APT (Advanced Polymer Technology) is the leading global manufacturer of polyurethane-based materials, acrylic coatings and synthetic turf products for sporting and recreational applications. From…read more
The smart strategy behind Tourism Australia’s ‘Croc Dundee’ Super Bowl pitch to the Americans
Tourism Australia’s resurrection of Crocodile Dundee in a new commercial at the USA’ Super Bowl this week has already reached hundreds of millions on the day and through social media. Some may have cringed at an ad reinforcing stereotypes about Australians as hospitable bush-dwellers, but this is actually a good strategy.
Previous Tourism Australia campaigns have attempted to change Australia’s image, with results ranging from the lacklustre to the disastrous.
Unlike recent campaigns, the Super Bowl ad reflects international perceptions of Australia. Icons like Paul Hogan and Steve Irwin enjoy good recognition in countries like the United States, so leaning into this image of Australia is a smart move.
Australia has built up strong brand recognition in the US, albeit within the bounds of expectations largely cultivated by the advertising of the past, centred on beaches, bush and other all-too-familiar popular signifiers of Australia. Straying outside of these concepts hasn’t proven successful.
‘See Australia in a different light’ was a Tourism Australia campaign in 2004 that tried to emphasise other aspects of Australia than beaches and sunshine. This failed to convince tourists due to its unfamiliar, abstract image of Australia.
The 2009 ‘Walkabout’ collaboration between Tourism Australia and Baz Luhrmann’s film, Australia, also disappointed. While ‘There’s nothing like Australia’ crowdsourced text and photos from Australians, but ended up being shaped into a well-worn mould by Tourism Australia.
On the other end of the spectrum, the ‘Where the bloody hell are you?’ campaign of 2006, with its note of desperation and rather too vernacular language, was a laughing stock.
In the end, a national reputation is not something that can be demanded, only given by others.
Nation-branding expert Simon Anholt, on a visit to Australia in 2010, notoriously described us as not to be taken seriously. He blamed tourism advertising for this view.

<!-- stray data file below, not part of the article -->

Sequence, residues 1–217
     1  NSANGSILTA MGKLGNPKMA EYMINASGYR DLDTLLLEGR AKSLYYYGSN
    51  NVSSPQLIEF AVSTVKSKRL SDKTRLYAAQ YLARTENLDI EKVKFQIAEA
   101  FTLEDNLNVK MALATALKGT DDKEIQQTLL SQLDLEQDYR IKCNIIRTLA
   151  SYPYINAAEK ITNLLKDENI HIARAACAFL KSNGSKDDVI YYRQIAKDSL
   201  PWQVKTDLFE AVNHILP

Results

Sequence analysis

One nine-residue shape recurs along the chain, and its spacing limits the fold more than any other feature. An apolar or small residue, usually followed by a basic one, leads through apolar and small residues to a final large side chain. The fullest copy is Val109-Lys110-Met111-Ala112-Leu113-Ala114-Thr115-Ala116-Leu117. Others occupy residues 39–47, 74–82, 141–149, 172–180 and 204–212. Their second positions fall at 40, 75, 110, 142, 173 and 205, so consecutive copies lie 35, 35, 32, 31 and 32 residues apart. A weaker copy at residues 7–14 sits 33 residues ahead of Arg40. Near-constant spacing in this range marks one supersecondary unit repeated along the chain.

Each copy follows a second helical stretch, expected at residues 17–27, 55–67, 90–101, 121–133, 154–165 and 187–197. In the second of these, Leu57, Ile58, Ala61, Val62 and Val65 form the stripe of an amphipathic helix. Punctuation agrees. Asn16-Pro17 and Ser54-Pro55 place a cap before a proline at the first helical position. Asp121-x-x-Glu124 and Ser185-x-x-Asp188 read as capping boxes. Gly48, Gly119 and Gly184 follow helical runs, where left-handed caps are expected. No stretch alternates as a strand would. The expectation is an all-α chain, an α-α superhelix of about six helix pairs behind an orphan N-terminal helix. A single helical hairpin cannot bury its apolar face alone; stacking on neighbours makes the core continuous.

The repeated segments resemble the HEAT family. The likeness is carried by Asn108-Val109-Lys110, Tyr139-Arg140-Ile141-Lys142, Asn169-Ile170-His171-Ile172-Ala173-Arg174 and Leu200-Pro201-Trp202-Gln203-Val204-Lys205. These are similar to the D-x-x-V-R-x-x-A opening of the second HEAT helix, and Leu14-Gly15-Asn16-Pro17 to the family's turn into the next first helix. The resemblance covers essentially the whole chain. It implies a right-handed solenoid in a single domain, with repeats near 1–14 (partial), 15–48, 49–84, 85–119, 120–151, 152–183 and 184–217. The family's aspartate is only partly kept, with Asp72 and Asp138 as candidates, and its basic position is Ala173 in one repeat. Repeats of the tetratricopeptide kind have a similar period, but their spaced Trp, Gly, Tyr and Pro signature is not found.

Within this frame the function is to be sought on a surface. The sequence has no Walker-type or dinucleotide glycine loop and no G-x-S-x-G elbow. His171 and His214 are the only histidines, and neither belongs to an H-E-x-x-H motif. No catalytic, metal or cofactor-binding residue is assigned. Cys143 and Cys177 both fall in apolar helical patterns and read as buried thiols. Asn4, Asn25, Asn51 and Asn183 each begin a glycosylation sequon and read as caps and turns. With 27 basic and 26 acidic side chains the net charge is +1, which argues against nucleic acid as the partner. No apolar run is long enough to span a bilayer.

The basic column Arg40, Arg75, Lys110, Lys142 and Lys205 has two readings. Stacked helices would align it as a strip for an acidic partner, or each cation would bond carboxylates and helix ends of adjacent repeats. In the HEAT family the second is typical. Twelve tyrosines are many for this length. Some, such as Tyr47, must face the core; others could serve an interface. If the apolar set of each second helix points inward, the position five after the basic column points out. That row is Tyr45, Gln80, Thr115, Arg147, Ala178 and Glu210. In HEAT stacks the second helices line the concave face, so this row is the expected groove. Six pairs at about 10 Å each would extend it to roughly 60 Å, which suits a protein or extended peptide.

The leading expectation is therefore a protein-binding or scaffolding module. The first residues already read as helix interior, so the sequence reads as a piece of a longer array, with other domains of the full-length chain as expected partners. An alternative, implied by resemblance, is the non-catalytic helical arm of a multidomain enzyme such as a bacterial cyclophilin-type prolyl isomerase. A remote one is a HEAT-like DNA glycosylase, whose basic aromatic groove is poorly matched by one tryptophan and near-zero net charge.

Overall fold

The Super Bowl commercial is the highest-profile element in an ongoing $36 million campaign focused on the United States.
According to Lisa Ronson, Chief Marketing Officer of Tourism Australia, the agency decided on the Super Bowl commercial as it would reach more than 50% of the target market - a ‘new generation’ of American tourists.
Currently, inbound tourism from the US brings in around 780,000 visitors and A$3.7 billion to the Australian economy each year. Tourism Australia says it wants to increase that to more like A$5.5 billion per year by 2020.
The current Tourism Australia campaign is just one part of an overarching Federal Government attempt at brand building in the United States.
For 15 years, Australian Government entities (including Tourism Australia, the Department of Foreign Affairs and Trade and Austrade) have conducted an event in Los Angeles called ‘G’Day USA’. Like the Super Bowl commercial, this uses well-known Australian actors to engage in “public diplomacy”.
Another Federal Government initiative is Austrade’s ‘Australia Unlimited’. Launched in 2010, this seeks to tell stories about Australian businesses, technology, food and society.
However, for Tourism Australia it is wise to avoid this conflict between the image of barbies, beaches, bush and marsupials; and the hard-nosed world of global trade. Leaning on the cultural cliche of Croc Dundee is a wise choice.
Written by John Sinclair, Professor of Media and Communications, University of Melbourne.
This article also appears in The Conversation, which publishes news and views sourced from the academic and research community: theconversation.com
Images from Tourism Australia's Super Bowl 2018 advertisement with Chris Hemsworth and Danny McBride (top and middle) and the original Crocodile Dundee, Paul Hogan (below).
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